Re: Indo-European Studies

R. Wallace (
10 Jul 1995 14:17:46 GMT

I think it would perhaps help us all to follow this thread if we were to
realise that Mr Verma's postings are statements which reflect (no doubt
sincere) religious belief rather than contributions to what most of us
recognise as archaeology.

Virendra Verma ( wrote:

: In article <>, (Gerold Firl) writes...
: >
: >Surely you are aware that the vedas are written in sanskrit? And that
: >sanskrit is an IE language?

: This logic is based on false premise. Sanskrit is much older than
: any languages of Europe. In fact, Europe is only 6000 years old
: and Sanskrit is much older than that. Rig veda is supposed to be
: composed around 6500 BC!!!!

These are strange statements. Europe is a bit older than 6,000 years! It has
even been inhabited for much longer than that. Certainly Sanscrit may well
have been written down much earlier than any European language, but
languages exist in a spoken form long before they are recorded in writing,
and I know of no evidence to suggest that people were *speaking* in the
Indian subcontinent before any part of Europe. I thought the usual view was
that the Rigveda came from some time in the second millenium BC, but of
course I could be wrong. We must also remember that works of this kind may
have been composed long before they were written down.

: Some European languages may have been derived from Sanskrit, but
: the origin of Sanskrit lies in India.

Well, perhaps; that is one possibility. The Indo-European hypothesis is of
course designed to explain the apparent fact that languages spoken from
Ireland to India appear to belong to the same family. There are many ways of
accounting for this. The crudest is to hypothesise the migration of a single
group from one particular centre, but there are many ways in which a
language can spread. One would be inclined to look for 'origins' (if we can
use that word) of the family of languages somewhere in the central region of
its present spread, at least as a first thought, but any hypothesis needs to
be supported by evidence, rather than simply asserted.

: >If aryans (i.e., indo-europeans) did not
: >physically move into india ("invade"), then where did the language come
: >from?

: This argument is stupid. Where do you find Sanskrit so nicely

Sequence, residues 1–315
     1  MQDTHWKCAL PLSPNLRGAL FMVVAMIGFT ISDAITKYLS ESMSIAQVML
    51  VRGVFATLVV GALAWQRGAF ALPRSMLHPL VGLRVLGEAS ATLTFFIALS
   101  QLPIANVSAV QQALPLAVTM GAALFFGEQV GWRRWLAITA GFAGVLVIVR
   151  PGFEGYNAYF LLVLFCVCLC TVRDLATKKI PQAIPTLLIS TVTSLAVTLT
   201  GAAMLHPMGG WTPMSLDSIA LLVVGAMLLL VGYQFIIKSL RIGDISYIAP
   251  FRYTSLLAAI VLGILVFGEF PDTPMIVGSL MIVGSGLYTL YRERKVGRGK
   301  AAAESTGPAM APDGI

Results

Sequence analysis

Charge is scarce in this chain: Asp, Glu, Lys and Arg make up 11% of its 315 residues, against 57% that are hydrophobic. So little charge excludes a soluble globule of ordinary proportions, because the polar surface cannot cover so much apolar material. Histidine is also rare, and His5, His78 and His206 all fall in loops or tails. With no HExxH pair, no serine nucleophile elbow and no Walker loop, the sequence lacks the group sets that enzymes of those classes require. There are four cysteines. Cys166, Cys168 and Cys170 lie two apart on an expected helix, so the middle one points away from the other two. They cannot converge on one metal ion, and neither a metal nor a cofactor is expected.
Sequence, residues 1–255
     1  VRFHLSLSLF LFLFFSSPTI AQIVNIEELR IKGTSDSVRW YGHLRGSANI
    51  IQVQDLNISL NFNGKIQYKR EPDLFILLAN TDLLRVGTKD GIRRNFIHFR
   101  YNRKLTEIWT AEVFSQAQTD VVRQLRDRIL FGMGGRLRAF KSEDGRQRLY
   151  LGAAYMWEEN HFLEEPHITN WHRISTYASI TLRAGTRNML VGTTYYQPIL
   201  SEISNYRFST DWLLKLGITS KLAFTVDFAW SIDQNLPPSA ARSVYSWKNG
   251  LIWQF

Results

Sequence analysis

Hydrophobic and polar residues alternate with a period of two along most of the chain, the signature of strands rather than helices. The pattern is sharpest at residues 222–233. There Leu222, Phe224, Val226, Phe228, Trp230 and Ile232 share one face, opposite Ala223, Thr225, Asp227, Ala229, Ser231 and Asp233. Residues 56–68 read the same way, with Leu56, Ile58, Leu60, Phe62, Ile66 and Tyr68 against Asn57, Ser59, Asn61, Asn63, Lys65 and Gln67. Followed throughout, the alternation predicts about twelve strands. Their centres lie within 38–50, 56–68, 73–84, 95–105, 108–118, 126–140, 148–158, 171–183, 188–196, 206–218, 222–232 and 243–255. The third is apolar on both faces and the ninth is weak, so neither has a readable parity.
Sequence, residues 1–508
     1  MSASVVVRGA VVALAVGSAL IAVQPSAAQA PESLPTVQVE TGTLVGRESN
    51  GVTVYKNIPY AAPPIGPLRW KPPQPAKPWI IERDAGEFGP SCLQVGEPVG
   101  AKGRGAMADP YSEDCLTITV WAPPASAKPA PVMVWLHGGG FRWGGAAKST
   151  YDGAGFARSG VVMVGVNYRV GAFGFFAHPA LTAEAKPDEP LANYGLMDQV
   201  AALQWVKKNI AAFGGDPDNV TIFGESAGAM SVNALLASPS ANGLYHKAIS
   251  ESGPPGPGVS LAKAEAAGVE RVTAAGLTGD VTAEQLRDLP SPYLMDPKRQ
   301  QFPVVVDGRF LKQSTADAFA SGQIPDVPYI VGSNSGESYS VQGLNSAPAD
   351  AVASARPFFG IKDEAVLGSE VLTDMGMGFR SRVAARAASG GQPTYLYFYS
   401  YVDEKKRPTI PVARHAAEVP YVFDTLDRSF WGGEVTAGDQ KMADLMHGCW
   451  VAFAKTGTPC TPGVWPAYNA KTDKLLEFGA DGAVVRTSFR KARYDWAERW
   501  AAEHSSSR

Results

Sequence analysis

: preserved other than India? The west discovered Sanskrit
: only in the 18th century.

This reply is incomprehensible. Sanskrit is one of the oldest recorded
Indo-European languages; Hittite is another (again, 2nd millenium BC). There
is no particular evidence to suggest that either is *the* original
Indo-European language, even supposing such a thing ever existed. And
presumably everywhere else in the world illiterate people were
communicating with one another, and there is no reason to believe that some
of them
were not speaking in Indo-European languages

: >Where the customs? The religion?

: Don't tell me that European culture is Vedic.

It depends on your definitions, but I do agree that in arguing for some kind
of common Indo-European culture we are an much more dodgy ground.

: > In pre-television days it was
: >difficult to transmit culture over long distances without the people moving
: >along with it.

: So Europe is the center of all civilizations? The tone sounds similar
: to what Max Muller and Hitler were propagating earlier in this
: century.

This is an astonishing non-sequitur. Mad racial theories arise when you
start arguing for an Indo-European racial group, as opposed to a family of
languages. So what? But I don't think that anyone (apart from recognised
loonies) now argues for a European source of Indo-European.

: >The vedas were written by the descendants of the barbarian
: >IE invaders who entered india through the passes northwest of the indus
: >valley, and who travelled from kashmir down the ganges valley. If you have
: >an alternative explanation, lets hear it.

: Get a life! I don't have patience to reply.

Or to engage in rational argument, apparently. Of course, in some sense we
are all descended from barbarians at some stage or other!

Richard Wallace